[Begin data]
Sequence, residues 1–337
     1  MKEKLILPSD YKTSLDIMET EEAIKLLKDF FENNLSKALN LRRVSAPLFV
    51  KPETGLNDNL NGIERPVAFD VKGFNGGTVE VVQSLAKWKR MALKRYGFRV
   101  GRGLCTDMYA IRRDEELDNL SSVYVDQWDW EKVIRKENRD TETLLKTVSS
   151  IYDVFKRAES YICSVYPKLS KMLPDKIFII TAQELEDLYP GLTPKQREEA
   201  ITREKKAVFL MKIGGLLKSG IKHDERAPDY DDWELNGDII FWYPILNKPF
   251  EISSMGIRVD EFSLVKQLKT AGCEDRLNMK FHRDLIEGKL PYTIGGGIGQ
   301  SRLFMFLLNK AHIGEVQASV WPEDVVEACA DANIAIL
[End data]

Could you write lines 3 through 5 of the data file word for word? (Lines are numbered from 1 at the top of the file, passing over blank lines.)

    51  KPETGLNDNL NGIERPVAFD VKGFNGGTVE VVQSLAKWKR MALKRYGFRV
   101  GRGLCTDMYA IRRDEELDNL SSVYVDQWDW EKVIRKENRD TETLLKTVSS
   151  IYDVFKRAES YICSVYPKLS KMLPDKIFII TAQELEDLYP GLTPKQREEA